The recently released compilation from French label Born Bad Records is a kind of object lesson in true musical innocence, primitivism and an innately non-pretentious DIY that adds up to one of the more unique releases barreling across the Jacksonville Music Experience radar.
Recorded from 1962-1982, the compilation Prends Le Temps D’Ecouter – Musique d’expression libre dans les classes Freinet (Translation: Tape Music, Sound Experiments and free folk songs from Freinet Classes) are recordings of the musical offerings from students (aged from 12 to 18 years old) then-taught under the auspices of radical educational reformer Célestin Freinet. In the early 20th-century, Freinet (1896-1966) founded the Mouvement de l’École moderne (“Modern School Movement”). In 1964, he issued his teaching protocols which he called the Pedagogical Code. The 30-point code essentially promoted a new vision of education based on experiential learning in lieu of a grading system (i.e. #19. “Grades and rankings are always a mistake”) self-governance, democratic classroom dynamics,and students ultimately having a say on both the curriculum and how they learn. The code was implemented with a series of flashing lights (green, red, and orange) ostensibly as a psychological guide for the educators to rate their own personal experience and self-rated effectiveness as teachers.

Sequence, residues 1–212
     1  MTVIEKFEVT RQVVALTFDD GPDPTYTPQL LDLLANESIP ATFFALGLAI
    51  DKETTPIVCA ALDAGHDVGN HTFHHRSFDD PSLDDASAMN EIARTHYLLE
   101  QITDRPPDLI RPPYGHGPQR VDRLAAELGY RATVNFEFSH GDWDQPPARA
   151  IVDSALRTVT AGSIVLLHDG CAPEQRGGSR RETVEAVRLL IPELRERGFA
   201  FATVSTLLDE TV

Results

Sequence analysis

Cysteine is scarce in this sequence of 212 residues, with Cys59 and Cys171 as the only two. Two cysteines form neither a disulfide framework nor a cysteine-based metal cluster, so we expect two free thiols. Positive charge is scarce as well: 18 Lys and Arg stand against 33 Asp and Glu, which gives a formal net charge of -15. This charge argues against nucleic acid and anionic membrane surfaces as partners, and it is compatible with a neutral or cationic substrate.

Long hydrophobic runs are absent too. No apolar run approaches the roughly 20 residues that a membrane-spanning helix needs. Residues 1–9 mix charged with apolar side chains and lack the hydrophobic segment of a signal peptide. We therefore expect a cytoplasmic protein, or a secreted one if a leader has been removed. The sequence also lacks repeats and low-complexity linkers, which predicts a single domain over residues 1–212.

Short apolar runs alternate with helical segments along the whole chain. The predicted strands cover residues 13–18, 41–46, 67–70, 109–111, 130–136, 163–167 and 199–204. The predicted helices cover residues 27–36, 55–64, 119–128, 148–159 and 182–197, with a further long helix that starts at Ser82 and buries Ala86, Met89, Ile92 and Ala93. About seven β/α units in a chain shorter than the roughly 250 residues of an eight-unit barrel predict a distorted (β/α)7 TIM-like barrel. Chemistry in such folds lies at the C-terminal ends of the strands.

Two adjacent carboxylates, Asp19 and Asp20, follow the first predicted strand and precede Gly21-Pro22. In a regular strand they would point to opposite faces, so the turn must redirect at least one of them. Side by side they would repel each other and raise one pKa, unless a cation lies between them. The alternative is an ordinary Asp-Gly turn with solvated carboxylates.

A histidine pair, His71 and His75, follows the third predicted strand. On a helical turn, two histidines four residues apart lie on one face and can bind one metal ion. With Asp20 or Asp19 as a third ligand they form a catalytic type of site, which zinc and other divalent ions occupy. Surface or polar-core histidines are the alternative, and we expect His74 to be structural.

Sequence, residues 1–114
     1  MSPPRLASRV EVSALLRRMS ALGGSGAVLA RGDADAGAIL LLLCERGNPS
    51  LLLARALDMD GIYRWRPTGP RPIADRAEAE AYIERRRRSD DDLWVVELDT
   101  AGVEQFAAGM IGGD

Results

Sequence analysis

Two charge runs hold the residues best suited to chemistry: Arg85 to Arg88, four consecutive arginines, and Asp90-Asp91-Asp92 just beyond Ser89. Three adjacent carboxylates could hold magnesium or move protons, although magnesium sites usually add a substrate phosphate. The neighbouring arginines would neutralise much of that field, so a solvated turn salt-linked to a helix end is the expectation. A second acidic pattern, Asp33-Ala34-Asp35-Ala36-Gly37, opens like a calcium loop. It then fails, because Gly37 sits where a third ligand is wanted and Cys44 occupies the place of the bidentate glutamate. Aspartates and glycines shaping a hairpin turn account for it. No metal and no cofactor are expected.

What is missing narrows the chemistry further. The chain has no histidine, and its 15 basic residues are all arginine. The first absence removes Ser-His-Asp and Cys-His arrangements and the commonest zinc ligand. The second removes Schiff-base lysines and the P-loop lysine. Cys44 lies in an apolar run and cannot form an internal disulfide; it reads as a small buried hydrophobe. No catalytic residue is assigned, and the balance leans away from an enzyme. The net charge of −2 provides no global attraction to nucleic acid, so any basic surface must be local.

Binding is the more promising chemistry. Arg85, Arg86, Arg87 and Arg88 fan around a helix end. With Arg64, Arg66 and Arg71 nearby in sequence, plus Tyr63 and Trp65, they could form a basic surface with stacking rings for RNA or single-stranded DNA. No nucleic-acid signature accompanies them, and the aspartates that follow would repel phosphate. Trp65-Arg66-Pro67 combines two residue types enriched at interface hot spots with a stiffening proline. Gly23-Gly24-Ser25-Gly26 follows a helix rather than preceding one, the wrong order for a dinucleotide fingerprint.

Keeping that context and intention in mind, what we are left with in the form of Temps D’Ecouter (“Time to Listen”) is a 23-track compilation of students exploring songwriting, improvisation and magnetic-tape experiments with no constraints. The music ranges from chanson-style balladry to chanting with sole accompaniment of a banging sound.
A standout track is “Metallophone, Basse, Xylophone, Batterie.” Performed by a small group of nine and ten-year-old students, the performance is a weirdly affecting two minutes of eerie gamelan-style percussive mutterings that finds kinship with non-short-pants musical seekers like Don Cherry, the Art Ensemble of Chicago and the Sun City Girls. On pure principle and arid anthropology, the compilation is an interesting mash-up of 20th-century progressive education, countercultural “freak-freely-ism” and the availability of mobile recording technology. But as a treasure trove of totally non-self-conscious musical ideas, the compilation is both haunting and hilarious.
If your knowledge of Francophile kid music begins and ends with the ‘90s novelty house music of the diminutive Jordy, and you’re looking for an inventive way to kick off (or shut down) a party, search no further than the fascinating and inviting world contained within Temps D’Ecouter.